Re: New Subscriber Contemplating Switching from NVDA to JAWS with A Few Questions


Orlando Enrique Fiol
 

Hi, Lanie.

>I've been playing with JAWS 2022 for a little while now. I'm a
>long-time user of NVDA and like it, but I'm interested in some of the
>features JAWS
>provides that NVDA doesn't, and I'd like to start using Braille more
>since I love Braille and am autistic and sometimes have periods of
>sensory overload
>with all my screen readers going off around me and other noises in my
>environment. I know JAWS provides better Braille support, and I'm hoping
>to get a
>Braille display soon.

I don't use JAWS with a Braille display because I don't own one, but
I can speak to its other features, since I took to JAWS, kicking and
screaming from Windows-eyes after my beloved screen reader was un
ceremonially massacred by then VFOGroup.
To me, JAWS' most powerful features include voice aliases,
speech&sound schemes and easily loaded voice profiles. With
speech&sound schemes, you can assign specific voices or sounds to
control types and states. If you wanted, for instance, you could have
checked and unchecked sounds, so that when you tab past rows of check
boxes, you wouldn't have to await the reeding of each box's state.
You can assign specific sounds and voices to color attributes or
fonts, for easy proofreading. You can even customize the strings JAWS
speaks for each control or attribute it reports. Some folks identify
check boxes as tick boxes, with their states as being ticked and un
ticked. In a speech&sound scheme, they could have JAWS report check
boxes as tick boxes and checked/unchecked as ticked/un ticked.

>I have a few questions though. Are there any
>resources for finding scripts? I'm used to looking for add-ons in one
>location, like
>the NVDA add-ons website.

I've never encountered such a resource. Most JAWS script writers have
websites listing their scripts and providing download links, but
Vispero doesn't seem to oversee a scripts repository, since all
scripts it produces come packaged with JAWS anyway.

>Also, is there a way to make JAWS speak
>passwords? With NVDA, I have an add-on that does this.

This is unfortunately still impossible, much to the consternation of
those of us who don't want to hear our passwords spoken as stars. If
an application/website doesn't have a password-showing option,
there's just no way to hear it spoken except by turning on keyboard
character and word echo, so you can at least hear as you type.

>Does anyone know of any training
>resources for people who already know how to use a computer, advanced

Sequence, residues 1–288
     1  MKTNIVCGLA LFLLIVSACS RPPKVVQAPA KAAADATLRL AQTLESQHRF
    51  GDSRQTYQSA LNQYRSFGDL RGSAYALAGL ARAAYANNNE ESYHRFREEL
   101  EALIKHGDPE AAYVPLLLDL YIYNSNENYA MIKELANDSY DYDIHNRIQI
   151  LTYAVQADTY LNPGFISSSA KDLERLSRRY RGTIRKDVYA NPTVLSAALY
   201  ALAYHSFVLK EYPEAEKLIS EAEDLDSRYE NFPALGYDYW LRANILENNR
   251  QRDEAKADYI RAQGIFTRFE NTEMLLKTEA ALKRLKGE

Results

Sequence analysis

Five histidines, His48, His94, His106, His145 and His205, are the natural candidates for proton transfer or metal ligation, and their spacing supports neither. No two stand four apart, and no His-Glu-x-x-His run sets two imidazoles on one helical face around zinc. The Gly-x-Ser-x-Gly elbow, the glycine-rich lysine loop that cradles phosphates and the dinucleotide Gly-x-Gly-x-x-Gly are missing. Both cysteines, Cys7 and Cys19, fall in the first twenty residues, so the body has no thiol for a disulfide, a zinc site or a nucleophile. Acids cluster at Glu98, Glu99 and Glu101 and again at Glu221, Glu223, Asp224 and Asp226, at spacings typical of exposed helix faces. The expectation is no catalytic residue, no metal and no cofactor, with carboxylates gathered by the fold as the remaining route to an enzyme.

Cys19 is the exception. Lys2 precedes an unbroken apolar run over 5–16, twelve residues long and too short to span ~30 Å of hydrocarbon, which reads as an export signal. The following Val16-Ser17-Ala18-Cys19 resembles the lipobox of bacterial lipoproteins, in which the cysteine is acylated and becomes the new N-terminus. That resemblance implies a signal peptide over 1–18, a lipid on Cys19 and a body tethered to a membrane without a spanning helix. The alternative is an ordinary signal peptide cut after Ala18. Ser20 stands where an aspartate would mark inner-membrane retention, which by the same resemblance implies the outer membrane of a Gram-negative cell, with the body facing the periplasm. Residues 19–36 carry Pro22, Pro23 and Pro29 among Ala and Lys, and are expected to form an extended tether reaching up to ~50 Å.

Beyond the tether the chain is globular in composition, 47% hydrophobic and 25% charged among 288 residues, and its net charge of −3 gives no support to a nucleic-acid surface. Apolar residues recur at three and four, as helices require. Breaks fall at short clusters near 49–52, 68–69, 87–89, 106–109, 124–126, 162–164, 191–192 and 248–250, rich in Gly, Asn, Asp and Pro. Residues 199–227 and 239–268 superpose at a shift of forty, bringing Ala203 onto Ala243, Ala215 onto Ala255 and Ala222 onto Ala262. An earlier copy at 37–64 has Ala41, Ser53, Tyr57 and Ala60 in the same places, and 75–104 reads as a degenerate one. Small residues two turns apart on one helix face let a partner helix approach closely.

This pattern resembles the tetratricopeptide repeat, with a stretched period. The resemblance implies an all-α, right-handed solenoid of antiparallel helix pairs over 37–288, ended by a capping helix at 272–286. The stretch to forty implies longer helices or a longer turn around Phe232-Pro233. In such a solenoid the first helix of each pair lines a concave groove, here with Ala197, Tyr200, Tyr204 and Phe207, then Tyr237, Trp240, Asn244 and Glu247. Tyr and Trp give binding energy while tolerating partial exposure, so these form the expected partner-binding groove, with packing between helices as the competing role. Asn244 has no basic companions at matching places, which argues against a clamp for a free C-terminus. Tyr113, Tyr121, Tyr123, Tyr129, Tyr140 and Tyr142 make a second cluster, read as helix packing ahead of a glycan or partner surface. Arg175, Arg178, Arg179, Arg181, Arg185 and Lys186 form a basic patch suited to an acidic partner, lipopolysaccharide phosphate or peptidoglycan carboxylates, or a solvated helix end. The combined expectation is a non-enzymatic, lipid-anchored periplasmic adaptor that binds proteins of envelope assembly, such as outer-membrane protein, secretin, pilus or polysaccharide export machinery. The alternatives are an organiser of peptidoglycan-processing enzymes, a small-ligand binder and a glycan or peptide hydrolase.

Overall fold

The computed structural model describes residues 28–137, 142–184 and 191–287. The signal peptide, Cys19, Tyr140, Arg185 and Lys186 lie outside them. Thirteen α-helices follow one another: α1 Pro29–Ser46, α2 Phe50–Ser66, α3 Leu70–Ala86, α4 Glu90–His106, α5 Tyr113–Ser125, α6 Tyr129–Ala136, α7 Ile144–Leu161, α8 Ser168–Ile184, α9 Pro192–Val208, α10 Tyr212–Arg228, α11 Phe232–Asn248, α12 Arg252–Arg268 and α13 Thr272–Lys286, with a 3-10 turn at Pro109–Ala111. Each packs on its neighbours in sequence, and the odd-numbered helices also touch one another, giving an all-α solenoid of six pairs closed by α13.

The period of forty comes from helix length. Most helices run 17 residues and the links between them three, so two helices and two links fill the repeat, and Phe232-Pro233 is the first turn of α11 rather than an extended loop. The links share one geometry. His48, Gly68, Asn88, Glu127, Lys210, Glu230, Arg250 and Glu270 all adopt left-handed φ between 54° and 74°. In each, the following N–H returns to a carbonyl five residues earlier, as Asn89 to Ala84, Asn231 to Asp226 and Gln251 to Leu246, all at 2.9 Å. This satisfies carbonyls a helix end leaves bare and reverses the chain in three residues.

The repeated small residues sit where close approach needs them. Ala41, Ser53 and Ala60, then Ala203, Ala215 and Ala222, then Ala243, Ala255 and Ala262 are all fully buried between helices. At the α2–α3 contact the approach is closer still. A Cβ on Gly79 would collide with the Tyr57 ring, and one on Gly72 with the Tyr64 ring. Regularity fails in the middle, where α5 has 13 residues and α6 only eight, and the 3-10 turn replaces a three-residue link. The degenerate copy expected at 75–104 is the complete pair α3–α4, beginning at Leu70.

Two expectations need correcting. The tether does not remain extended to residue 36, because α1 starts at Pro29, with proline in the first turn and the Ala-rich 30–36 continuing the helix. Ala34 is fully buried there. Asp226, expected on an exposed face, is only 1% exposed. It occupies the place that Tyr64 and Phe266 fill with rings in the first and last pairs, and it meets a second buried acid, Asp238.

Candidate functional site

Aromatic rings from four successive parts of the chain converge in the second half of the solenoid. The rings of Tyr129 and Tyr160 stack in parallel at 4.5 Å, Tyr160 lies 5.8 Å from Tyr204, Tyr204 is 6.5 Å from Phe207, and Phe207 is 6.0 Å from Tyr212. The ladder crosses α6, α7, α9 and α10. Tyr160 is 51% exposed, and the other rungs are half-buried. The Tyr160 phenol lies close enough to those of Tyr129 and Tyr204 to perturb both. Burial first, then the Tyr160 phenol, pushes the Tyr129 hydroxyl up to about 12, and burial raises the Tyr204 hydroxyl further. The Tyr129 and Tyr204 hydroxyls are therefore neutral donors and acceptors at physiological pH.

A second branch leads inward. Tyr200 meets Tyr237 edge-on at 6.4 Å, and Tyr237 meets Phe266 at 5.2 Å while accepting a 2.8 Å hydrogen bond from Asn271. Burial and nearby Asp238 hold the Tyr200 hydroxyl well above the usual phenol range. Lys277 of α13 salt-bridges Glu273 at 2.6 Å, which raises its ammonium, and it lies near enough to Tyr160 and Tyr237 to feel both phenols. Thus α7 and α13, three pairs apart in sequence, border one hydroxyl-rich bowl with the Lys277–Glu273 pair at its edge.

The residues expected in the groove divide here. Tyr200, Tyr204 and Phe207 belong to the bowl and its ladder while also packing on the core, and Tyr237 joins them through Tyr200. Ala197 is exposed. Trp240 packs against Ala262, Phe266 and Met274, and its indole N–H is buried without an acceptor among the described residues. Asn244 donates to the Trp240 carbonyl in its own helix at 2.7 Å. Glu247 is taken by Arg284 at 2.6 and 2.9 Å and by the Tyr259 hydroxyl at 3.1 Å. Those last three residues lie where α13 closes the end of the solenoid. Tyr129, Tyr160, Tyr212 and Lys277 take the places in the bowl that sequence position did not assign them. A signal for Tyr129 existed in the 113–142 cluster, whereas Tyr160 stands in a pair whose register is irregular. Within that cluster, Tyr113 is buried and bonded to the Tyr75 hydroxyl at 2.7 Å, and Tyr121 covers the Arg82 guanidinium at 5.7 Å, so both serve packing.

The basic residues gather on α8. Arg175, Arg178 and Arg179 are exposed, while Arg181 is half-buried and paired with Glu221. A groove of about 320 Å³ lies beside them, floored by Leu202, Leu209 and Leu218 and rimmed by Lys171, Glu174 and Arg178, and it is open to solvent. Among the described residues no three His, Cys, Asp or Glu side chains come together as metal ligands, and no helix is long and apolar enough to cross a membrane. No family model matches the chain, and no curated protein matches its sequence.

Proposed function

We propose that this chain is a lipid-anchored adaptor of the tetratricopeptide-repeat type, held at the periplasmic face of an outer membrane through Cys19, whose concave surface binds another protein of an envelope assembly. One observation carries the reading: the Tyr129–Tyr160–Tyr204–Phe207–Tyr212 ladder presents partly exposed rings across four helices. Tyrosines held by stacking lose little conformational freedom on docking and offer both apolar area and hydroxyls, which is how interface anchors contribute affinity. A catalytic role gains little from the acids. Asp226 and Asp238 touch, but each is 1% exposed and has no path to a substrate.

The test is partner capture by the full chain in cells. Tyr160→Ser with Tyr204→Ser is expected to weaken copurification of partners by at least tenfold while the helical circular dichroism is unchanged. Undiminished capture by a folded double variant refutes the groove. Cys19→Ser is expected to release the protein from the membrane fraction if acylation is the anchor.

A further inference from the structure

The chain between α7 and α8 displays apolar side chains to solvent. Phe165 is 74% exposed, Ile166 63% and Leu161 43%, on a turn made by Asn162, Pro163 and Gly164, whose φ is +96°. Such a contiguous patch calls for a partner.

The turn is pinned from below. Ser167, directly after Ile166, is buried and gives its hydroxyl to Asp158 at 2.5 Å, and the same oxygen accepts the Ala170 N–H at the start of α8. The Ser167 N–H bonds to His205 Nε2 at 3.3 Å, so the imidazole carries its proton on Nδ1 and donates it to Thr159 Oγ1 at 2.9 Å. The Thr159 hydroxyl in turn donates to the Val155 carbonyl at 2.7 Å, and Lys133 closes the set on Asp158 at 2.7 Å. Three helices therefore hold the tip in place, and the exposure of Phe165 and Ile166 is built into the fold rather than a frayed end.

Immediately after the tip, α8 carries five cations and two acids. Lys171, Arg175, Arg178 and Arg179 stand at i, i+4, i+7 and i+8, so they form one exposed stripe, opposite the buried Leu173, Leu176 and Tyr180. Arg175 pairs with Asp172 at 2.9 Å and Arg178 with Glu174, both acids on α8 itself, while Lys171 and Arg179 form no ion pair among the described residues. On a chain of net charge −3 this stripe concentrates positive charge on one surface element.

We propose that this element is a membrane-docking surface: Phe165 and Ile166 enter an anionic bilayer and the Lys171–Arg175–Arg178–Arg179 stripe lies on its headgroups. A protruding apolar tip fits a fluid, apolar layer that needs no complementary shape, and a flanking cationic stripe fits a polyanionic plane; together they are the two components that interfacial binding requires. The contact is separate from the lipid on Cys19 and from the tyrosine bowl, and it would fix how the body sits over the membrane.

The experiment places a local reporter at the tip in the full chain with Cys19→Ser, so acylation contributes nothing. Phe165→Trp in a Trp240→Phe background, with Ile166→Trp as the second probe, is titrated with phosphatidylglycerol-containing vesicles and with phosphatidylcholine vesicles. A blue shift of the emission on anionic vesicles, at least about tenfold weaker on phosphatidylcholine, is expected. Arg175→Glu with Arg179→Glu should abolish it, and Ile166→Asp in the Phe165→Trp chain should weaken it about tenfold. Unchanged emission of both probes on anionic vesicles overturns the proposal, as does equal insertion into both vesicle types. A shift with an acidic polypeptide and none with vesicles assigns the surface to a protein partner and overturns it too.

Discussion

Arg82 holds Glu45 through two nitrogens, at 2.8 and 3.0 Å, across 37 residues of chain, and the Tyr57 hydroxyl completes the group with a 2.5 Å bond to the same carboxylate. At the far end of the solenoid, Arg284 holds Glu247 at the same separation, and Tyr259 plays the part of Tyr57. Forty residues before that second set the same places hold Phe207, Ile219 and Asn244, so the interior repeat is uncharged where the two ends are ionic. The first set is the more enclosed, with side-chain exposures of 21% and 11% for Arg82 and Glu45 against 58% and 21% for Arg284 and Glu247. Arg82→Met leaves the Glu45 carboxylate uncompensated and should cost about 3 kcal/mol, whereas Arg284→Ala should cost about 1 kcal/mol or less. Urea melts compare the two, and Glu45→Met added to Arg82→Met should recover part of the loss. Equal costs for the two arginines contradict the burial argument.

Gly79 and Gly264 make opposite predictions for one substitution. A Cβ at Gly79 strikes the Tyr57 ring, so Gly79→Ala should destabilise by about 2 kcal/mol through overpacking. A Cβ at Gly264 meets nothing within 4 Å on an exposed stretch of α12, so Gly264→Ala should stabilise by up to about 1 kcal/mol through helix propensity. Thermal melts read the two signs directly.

>computer users, or people who have used other screen readers? I looked
>at the basic training materials, but they seemed a little basic for
my needs.

That's also my frustration.Truth is, advanced users don't need the
same kinds of training materials as basic users, since we need much
less explanation than they do. So, it's often enough to consult
references for, say, hotkeys, commands or configuration settings,
since it's assumed that we'd knnow how to implement them.

>Finally, is there anyone who has made this switch and might be able to
>give me some tips on switching? Thanks.

I switched from Window-eyes, but have never been much of an NVDAa
user, since it seems almost equivalent to Narrator in terms of
functionality (or lack thereof).
When II began using NVDa, I learned, to my horror, that Ii couldn't
customize the order in which control types and states are read. this
is, to me, a basic screen reader capability. so, upon asking on the
NVDA list about this, I was told that its coders hadn't bothered
dealing with this. That and other things put me off using NVDA as my
primary screen reader. I couldn't return to system-wide voice
profiles after having different voices load with Window-eyes setfiles
or specific applications in JAWS.
I also think NVDA's screen/cursor review interface is awkward and
clunky. With the touch and JAWS cursors, I just invoke their hotkeys
and they're active; I don't have to toggle or cycle through menus to
determine whether there are objects in the window, then expand each
object to see if there are others nested within it. This information
should be revealed through navigation. You shouldn't need the extra
step of choosing the cursor review mode, then navigating within it.
For that reason, Ii find NVDA's mouse echo superior any JAWS or
Narrator equivalent. With its directional tones within the stereo
field, I can immediately tell when the mouse is moving left or right.
Up and down are represented by pitch changes, which is cleverly efficient.
I'm glad to compare notes and share any resources I have with you.
Good luck, and keep in touch,
Orlando

Orlando Enrique Fiol
Charlotte, North Carolina
Professional Pianist/Keyboardist, Percussionist and Pedagogue
Ph.D. in Music theory
University of Pennsylvania: November, 2018
Home: (980) 236-8685
Mobile: (267) 971-7090

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